Union and staff bargaining representatives have been left frustrated after the latest enterprise agreement (EA) negotiation meeting, with CSIRO Executive continuing to stonewall discussion on pay or any matter with a financial impact.
CSIRO Executive still maintain that without Australian Public Service Commission (APSC) approval, no proposals with financial implications – including a pay offer – will be discussed or tabled during formal talks.
However, Executive representatives have offered no assurances that CSIRO staff will not be financially disadvantaged if enterprise bargaining is delayed beyond the expiry of the current agreement in mid-November.
Elsewhere, Staff Association members and CSIRO employees are participating in a series of workplace meetings to evaluate the progress of bargaining while the wait for a formal pay offer drags on.
Despite a small pause in talks to allow some progress with the APSC – or at the very least obtain clarification of the approval timeframe – Executive representatives turned up to negotiations empty handed.
In an email, CSIRO Executive stopped short of offering an apology to staff and instead tried to shift the blame.
‘CSIRO acknowledged the challenges resulting from not being able to discuss items with financial impacts until we receive approval… from the APSC and the added difficulty due to final outcomes from APS service-wide bargaining not being available yet.’
After eight negotiation meetings and with less than two months until the nominal expiry date of the current agreement, CSIRO Executive’s bargaining position and strategy is largely unknown.
The interaction and relationship between Executive bargaining representatives and the APSC remains opaque and repeated requests for transparency – for example the expected delivery date for the Remuneration Declaration approval – are largely ignored.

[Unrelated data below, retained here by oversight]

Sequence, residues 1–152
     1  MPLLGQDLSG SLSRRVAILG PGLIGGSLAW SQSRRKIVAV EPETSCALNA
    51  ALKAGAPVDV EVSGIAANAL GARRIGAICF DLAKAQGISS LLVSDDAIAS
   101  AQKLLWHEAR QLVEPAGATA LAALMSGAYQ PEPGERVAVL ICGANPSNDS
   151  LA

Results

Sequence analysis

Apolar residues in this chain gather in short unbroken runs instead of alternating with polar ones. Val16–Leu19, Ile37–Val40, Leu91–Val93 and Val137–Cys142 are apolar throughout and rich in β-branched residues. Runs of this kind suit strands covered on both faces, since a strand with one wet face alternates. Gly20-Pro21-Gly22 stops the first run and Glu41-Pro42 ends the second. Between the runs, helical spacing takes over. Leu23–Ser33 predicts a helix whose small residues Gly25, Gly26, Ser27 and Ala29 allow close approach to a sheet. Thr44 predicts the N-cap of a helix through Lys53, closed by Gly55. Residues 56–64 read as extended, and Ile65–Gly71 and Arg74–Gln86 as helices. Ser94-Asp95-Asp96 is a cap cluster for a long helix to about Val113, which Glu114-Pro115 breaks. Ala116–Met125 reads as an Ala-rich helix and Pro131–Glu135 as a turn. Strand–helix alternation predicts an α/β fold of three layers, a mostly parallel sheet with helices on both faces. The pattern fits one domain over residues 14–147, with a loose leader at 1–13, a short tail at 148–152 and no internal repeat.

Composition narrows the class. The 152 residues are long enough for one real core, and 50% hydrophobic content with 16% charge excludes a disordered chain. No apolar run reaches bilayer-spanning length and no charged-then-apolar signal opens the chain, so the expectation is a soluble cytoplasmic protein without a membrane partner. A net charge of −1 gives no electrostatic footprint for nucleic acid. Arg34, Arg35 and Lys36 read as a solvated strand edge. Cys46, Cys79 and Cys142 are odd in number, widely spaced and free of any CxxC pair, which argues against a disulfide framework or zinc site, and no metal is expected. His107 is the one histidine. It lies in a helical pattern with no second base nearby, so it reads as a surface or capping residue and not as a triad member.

While APSC approvals and service-wide bargaining outcomes offer ready-made excuses for Executive representatives to account for the slow progress of bargaining, there can be no denying that the leadership vacuum at the very top of CSIRO goes a long way to explaining the inactivity and lack of accountability.
Topics discussed at the most recent meeting included job security, restoration of agreement content, representation rights, science integrity and consultation.
Conversations commenced on two issues – flexible/work from home arrangements and parental leave – nominated as priorities by Staff Association members.
However, CSIRO Executive’s ongoing reluctance to discuss matters with a financial impact continues to hamper serious negotiation.
Meanwhile, Staff Association members and CSIRO employees continue to participate in a national series of workplace meetings to assess the progress in bargaining.
Early feedback from meeting participants underscores the importance of a formal pay offer that addresses cost-of-living pressures and bears some comparison with other research industry salaries.
Members have expressed concern that the ongoing delays from CSIRO Executive may have financial implications if a new enterprise agreement is not in place before the nominal expiry date of the current deal in mid-November.
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